He points out that locating missing pieces of fabric in inventory is a huge benefit, even with the current system. “If you’re like us and you’ve got thousands of pieces of fabric and you’re in a small, confined area, you can never find what you need because it’s always underneath something,” he says. “We take the locator, program the unique serial number of the missing piece of fabric and go look for it. When we get within about 15 feet of it, the reader will beep. The closer you get, the more rapidly it beeps.”

The main dining tent for the 700 guests at the 2016 Swan Ball held in Nashville, Tenn., was a 30-by-35-by-4-meter Losberger P1 clearspan on a BilJax® TF2100 engineered tent floor system that went from 0 to 6 feet high. Photo courtesy of Chattanooga Tent Co.
The main dining tent for the 700 guests at the 2016 Swan Ball held in Nashville, Tenn., was a 30-by-35-by-4-meter Losberger P1 clearspan on a BilJax® TF2100 engineered tent floor system that went from 0 to 6 feet high. Photo courtesy of Chattanooga Tent Co.

At about the same time that Chattanooga Tent purchased the RFID technology, the company also invested in GPS tracking for its trucks, which Holland says has helped with job costing, especially for out-of-state jobs. The system provides real-time reporting on driving time and fuel consumption, and notifies him when the trucks are nearing their destination.

“The GPS system also makes drivers a bit more safety conscious,” Holland says. “It will send emails regarding speeding, harsh cornering and harsh braking, as well as start and stop times. It keeps an honest man honest.”

Staying on top

Holland also keeps his eye on what’s new in tents. This season he’s added a couple of Arcum curved-roof structures to the inventory. “We feel like it’s the next big thing for the industry, so we went ahead and bought a couple,” he says.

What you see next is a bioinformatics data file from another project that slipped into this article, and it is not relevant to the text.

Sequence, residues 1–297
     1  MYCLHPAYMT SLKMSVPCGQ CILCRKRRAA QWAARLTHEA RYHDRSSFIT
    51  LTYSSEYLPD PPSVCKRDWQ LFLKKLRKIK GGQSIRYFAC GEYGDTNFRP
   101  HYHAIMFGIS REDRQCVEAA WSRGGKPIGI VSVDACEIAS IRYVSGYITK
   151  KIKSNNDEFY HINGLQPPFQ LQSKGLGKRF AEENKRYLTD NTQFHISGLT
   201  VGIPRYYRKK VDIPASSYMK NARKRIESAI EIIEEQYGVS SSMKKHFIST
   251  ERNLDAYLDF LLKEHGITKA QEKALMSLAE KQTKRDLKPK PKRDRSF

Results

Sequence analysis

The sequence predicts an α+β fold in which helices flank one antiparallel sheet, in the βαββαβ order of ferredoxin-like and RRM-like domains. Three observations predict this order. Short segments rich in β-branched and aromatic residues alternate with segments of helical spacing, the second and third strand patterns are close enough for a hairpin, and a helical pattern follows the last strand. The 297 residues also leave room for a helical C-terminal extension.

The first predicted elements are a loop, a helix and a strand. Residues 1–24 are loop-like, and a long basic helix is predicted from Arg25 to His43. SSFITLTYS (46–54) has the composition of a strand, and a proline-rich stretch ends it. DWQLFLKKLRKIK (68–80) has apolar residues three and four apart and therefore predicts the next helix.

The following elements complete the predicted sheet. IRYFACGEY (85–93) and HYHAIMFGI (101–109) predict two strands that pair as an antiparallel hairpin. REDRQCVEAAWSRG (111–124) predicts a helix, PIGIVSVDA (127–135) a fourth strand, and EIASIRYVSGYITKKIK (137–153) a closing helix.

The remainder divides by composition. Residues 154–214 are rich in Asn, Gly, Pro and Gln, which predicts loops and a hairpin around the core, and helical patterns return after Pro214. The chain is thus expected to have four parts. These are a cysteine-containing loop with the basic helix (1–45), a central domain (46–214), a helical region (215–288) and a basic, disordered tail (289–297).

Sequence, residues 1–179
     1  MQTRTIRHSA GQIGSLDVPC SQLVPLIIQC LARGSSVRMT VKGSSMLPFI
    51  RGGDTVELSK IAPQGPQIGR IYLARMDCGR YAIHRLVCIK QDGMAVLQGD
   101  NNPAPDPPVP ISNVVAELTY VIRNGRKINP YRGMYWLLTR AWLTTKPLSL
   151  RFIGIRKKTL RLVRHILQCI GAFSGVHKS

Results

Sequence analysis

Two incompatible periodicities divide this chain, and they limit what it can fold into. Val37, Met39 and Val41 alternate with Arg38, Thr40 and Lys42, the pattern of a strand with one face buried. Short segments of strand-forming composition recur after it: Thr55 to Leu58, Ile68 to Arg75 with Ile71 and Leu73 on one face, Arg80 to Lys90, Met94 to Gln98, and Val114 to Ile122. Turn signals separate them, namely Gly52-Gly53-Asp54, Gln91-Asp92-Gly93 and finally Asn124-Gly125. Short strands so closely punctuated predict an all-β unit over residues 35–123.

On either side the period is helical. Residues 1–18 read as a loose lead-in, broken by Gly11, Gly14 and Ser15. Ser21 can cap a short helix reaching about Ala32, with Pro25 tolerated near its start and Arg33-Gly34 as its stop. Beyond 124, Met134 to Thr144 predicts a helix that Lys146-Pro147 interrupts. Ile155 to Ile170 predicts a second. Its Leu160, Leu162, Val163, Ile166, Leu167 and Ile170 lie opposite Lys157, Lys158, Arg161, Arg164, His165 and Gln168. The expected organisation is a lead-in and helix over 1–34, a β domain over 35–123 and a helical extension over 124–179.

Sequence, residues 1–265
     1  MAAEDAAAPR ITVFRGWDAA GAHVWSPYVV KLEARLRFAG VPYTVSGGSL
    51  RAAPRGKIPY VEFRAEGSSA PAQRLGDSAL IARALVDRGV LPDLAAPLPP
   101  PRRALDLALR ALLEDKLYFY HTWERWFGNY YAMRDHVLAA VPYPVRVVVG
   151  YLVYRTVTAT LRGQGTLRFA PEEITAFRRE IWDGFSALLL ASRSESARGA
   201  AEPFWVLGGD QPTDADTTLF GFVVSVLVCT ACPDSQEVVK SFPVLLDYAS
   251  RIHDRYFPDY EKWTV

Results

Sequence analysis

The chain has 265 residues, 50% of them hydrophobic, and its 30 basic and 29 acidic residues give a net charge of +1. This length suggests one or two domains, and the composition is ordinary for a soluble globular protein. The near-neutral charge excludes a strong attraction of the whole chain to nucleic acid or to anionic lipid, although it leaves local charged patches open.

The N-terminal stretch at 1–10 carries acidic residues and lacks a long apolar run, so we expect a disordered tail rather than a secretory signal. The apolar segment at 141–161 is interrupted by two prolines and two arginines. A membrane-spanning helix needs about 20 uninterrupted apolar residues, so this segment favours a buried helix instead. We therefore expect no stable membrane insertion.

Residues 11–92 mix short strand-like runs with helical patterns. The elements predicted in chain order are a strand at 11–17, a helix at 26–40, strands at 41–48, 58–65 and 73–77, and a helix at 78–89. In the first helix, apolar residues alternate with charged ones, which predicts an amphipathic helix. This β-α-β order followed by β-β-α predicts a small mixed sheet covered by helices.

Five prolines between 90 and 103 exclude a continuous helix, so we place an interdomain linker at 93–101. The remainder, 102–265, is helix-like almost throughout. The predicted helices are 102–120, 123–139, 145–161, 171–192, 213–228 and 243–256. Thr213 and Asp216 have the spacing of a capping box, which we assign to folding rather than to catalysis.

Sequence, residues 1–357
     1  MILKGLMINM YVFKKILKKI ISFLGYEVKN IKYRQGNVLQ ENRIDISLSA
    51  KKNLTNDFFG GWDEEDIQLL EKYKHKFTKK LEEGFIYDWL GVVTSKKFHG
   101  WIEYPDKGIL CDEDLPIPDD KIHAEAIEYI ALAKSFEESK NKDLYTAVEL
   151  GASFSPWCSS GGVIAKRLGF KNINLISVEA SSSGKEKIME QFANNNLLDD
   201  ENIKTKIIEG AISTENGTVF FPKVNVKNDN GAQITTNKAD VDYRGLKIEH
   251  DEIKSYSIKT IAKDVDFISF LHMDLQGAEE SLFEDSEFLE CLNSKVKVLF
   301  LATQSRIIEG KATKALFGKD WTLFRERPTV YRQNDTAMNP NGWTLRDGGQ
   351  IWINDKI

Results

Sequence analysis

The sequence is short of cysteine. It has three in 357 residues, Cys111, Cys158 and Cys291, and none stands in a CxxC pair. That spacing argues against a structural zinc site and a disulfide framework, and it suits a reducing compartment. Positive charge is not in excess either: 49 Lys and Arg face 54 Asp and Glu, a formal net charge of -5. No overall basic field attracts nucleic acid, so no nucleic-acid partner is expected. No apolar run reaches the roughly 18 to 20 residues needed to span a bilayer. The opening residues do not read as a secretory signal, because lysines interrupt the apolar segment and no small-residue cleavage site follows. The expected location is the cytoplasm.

Chattanooga Tent Co. sewed the fabric portion and took delivery of the frames at the end of April, just in time for their debut event at a local film festival. “They don’t have a big budget, and we thought it would be a good opportunity to show off the new structures and help out a local event, so we charged them a bit less,” Holland says.

Both ends of the main dinner tent at the Swan Ball featured custom gable fabric to transition to 15-meter-wide structures used for the band and cocktails. Photo courtesy of Chattanooga Tent Co.
Both ends of the main dinner tent at the Swan Ball featured custom gable fabric to transition to 15-meter-wide structures used for the band and cocktails. Photo courtesy of Chattanooga Tent Co.

“It seemed like the right place to put the Arcum up for the first time.”

Holland credits IFAI’s Tent Rental Division (TRD) for helping him stay on top of the trends and industry changes. “We knew long ago from attending conferences and expos that coded engineering was going to become the standard,” he says. “By being aware early and investing our time, energy and money into those products for our customers, we were able to keep ahead of those changes.”